By Michael McKeown, CFA, CPA - Chief Investment Officer
After four decades as a member, on Thursday, voters in the U.K. voted to leave the European Union. It was a close vote, 52% for “Leave” to 48% for "Stay." This means that the long-standing trade and immigration agreements that covers 28 countries will no longer apply to Great Britain after its official exit. The majority of citizens clearly felt that EU membership was inhibiting growth and prosperity.
Currencies and stock markets fell around the globe on Friday as votes were tallied the previous night. Europe was obviously hit the hardest by sellers as the uncertainty about other countries potentially leaving the bloc and the economic outlook gets murkier.
The demographic split among the vote is getting attention as the ‘older’ generation voted to leave and ‘younger’ voted to stay in the EU. But the London-based Financial Times went further and explained:
“As the votes were counted on Thursday night and Friday morning, the piles of ballot papers told their own story about those parts of Britain that felt comfortable in a modern, connected world, and those which felt cut off from the fruits of globalisation.
Voters in London and Scotland, the two most prosperous parts of the UK, turned out in large numbers to deliver a clear message that they wanted to remain in the EU and its huge single market.
But elsewhere — in the old industrial centres of the north, the small towns of the Midlands and the faded seaside resorts — the ballot papers were stacked high in favour of Leave, rejection of an establishment that had let them down.”
Politics… well, we won’t touch that here, but suffice it to say the environment could be better and it is a sign that populists' leanings across other countries have momentum. This is a headline risk to the economy and markets, but it does not always mean there will be fundamental changes to either.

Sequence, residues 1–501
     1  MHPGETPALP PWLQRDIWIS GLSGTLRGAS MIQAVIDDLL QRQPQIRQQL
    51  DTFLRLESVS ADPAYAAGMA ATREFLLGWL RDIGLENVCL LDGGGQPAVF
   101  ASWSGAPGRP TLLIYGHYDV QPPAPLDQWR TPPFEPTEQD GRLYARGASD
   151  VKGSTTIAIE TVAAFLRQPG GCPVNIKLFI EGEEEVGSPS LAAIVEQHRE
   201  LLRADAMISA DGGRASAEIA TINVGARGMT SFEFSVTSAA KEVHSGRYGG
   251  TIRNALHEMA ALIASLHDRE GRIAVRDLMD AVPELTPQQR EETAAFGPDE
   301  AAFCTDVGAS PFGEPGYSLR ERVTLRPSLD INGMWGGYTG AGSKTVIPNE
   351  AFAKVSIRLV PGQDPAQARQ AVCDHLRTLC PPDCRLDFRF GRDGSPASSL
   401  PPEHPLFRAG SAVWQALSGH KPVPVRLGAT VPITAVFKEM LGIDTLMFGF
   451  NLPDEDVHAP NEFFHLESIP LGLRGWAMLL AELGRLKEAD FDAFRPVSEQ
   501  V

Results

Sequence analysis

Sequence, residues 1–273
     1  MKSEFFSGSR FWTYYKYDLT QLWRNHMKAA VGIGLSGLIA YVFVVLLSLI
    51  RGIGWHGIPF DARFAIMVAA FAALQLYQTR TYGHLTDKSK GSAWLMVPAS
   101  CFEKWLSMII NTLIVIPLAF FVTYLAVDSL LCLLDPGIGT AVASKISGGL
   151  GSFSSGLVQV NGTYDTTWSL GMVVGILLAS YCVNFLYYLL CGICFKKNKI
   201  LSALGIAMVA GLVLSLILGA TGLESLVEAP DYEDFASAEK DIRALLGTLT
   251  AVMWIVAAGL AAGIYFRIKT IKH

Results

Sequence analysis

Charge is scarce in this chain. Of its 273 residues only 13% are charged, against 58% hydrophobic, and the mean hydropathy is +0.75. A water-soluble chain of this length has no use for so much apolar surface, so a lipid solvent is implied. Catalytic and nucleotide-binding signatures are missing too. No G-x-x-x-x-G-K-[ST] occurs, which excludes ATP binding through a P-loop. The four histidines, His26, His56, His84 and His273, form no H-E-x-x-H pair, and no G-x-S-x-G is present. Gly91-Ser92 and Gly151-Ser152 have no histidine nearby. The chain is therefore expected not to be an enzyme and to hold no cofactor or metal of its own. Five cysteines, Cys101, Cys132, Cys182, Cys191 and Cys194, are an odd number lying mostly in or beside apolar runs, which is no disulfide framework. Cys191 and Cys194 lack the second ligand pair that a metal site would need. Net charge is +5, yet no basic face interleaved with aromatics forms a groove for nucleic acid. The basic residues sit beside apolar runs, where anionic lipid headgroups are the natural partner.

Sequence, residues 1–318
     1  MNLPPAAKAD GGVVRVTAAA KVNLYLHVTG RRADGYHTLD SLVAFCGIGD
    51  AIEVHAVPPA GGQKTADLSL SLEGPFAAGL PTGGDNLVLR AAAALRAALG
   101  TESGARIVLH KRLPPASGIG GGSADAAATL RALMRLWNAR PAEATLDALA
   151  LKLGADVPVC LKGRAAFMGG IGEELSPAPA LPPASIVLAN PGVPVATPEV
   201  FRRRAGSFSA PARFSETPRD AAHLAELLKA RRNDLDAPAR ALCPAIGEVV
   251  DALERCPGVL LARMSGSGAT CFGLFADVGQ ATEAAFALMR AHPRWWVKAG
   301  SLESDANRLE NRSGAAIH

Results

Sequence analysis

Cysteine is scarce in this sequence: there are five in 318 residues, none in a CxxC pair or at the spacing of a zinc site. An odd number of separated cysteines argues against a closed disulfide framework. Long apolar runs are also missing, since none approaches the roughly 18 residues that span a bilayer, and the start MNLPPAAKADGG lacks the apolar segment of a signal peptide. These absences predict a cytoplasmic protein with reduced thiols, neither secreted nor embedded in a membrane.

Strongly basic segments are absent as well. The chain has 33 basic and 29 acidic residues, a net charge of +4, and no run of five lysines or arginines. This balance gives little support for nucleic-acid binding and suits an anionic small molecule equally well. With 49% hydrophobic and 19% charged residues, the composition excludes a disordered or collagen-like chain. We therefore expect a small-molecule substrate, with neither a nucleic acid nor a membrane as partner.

“This will end badly.”
This is pretty much the phrase at least one person says concerning any headline risk in the financial world right now… low interest rates, the U.S. dollar, China, the Middle East, venture-backed technology companies being overvalued, oil prices… Brexit.
But what if it doesn’t?
Exhibit A – Japan.
Yes, the country has negative interest rates, its society is very old with poor demographic trends, and its stock market has shown signs of life but is no higher than where it was in 1989. But by and large – the standard of living improved incredibly over the last couple of decades and its nominal growth was positive on average.
In the U.S., the unemployment rate is low. Inflation is also low. Growth is lower than in the past, but it is still positive and at the same trend of the last few years. Still, the stock market is near all-time highs and bond investors enjoyed great returns the last couple of years.
Everyone in Cleveland is seeing things a little rosier today thanks to the Cavaliers winning an NBA championship (though in my defense, I began drafting this note two weeks ago).
There is always an event in the financial news merry-go-round to bring out the pessimists. Nonetheless, the term “Secular Stagnation” is being thrown around by ‘top’ economists to describe the disappointing output level, implying it is simply fate that we are at a permanently lower plateau. Perhaps it is an inopportune time to have a pro-cyclical view but being an optimist paid off over the very long term – for the lowly economists and investors alike.
In terms of portfolios, we came into the Brexit vote tactically underweight international equities, meaning the allocation was below the long-term strategic target. Morgan Stanley Research believes there is approximately 15-20% downside risk to European equities, which we would view as an opportunity to buy international stocks and rebalance to equalweight or back to the strategic targets.
This material is based on public information as of the specified date, and may be stale thereafter. Aurum Wealth Management Group and/or Aurum Advisory Services has no obligation to provide updated information on the securities or information mentioned herein. Actual events may differ from those assumed and changes to any assumptions may have a material impact on any projections or estimates.